Rose Gollup Cohen


Rose Gollup Cohen


Sweatshop labor


Immigrant sweatshop worker who wrote about the abuses suffered by workers during the Industrial Revolution


Amy French


Image: Jewish Women's Archive, private collection

Birth Date




Death Date



Garment worker

Biographical Text

The story of Rose Gollup Cohen's life is one of the standard immigrant worker. Cohen was sent from her home of Russia to the United States (he father had  already emigrated) to escape Russian persecution of Jewish families. Born Rahel, she changed her name to Rose to avoid discrimination. She went to work in the sweatshops of the garment industry to help her father raise money to secure passage for her mother and siblings. Rose may have looked at the newly installed Statue of Liberty and thought that with a woman standing watch over its harbor that the US was truly an equitable place—she would have been incredibly wrong. Cohen lived in a slum area called a tenement—dirty, rundown, crowded buildings where workers lived and disease and violence was rampant. At work, she continually suffered sexual harassment. The first sentence that she learned in English was, "Keep your hands off, please." (Cohen, 85) Although not her first language, Cohen became comfortable enough writing English to publish an autobiography, Out of the Shadow: A Russian Jewish Girlhood in the Lower East Side. In  her story, Cohen provides a detailed account of the garment trade, unionization, and the life of a Jewish immigrant. Her autobiography and other writings detail the poor treatment of workers, and those of immigrants. Wage-earning women were treated as dispensable. They were used and abused and then tossed away when the industrial machine had taken their value. Cohen managed to gain an education and rise above the sweatshop, but her death at the age of 45 under uncertain circumstances (thought to be suicide) provides a tragic ending to her story.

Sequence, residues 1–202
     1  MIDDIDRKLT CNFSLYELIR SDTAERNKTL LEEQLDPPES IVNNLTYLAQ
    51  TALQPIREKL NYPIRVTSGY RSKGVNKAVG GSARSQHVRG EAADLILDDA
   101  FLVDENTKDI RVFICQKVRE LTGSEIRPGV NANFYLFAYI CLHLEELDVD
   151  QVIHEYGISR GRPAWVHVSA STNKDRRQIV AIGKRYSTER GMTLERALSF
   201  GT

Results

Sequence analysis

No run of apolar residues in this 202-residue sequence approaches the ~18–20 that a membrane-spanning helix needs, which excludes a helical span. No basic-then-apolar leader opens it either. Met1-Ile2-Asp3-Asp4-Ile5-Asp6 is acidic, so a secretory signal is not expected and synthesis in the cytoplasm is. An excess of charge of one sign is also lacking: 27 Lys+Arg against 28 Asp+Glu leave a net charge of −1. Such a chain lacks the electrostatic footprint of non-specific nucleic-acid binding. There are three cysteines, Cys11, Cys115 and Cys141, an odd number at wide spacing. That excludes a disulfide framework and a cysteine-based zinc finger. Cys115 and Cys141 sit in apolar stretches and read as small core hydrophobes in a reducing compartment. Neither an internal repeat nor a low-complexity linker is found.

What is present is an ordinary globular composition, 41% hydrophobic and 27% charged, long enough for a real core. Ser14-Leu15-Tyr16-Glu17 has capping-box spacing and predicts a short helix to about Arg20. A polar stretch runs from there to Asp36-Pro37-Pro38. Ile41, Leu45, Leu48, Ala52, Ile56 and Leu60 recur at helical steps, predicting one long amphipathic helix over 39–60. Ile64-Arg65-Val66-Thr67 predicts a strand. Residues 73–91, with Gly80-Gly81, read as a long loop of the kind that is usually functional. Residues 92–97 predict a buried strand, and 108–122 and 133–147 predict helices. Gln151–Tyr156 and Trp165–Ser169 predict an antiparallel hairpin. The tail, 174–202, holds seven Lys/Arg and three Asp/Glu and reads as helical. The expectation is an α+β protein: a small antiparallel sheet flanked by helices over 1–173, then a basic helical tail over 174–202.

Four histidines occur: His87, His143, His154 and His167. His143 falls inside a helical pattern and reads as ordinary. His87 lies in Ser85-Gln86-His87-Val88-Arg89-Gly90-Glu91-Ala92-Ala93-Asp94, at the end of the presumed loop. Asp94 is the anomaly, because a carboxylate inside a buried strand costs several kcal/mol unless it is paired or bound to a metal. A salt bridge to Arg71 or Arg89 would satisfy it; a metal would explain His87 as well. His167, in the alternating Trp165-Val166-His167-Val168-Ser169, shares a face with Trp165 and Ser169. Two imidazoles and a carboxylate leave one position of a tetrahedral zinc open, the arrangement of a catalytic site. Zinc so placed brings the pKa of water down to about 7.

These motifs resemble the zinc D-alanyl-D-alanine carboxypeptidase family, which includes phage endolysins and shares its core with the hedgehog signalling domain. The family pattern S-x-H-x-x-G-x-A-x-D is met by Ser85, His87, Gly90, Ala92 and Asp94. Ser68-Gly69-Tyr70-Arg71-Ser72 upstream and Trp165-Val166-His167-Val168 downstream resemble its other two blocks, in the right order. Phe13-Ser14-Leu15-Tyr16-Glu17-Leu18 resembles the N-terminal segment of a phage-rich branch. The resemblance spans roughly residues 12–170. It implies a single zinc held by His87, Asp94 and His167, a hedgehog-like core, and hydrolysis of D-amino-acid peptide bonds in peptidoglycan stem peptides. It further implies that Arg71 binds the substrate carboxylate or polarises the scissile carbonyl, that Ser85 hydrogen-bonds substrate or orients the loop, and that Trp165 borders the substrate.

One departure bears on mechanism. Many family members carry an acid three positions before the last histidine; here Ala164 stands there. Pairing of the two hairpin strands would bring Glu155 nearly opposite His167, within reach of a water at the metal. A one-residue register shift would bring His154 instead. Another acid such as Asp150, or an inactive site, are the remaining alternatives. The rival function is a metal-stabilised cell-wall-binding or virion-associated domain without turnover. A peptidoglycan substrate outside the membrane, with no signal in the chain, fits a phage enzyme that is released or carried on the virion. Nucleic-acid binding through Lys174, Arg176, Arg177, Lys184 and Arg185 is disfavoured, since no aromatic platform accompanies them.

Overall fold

Cohen, Rose. Out of the Shadow: A Russian Jewish Girlhood in the Lower East Side. (New York: George H. Doren Co., 1918). Original copy available for free download on Google books.

Kessler-Harris, Alice.  Out to Work: a History of Wage-Earning Women in the United States. (Oxford University Press, 2003).

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Date Added
June 13, 2014
Reform (Social or Labor)
Item Type
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Amy French, “Rose Gollup Cohen,” Women Who Dared, accessed August 5, 2021,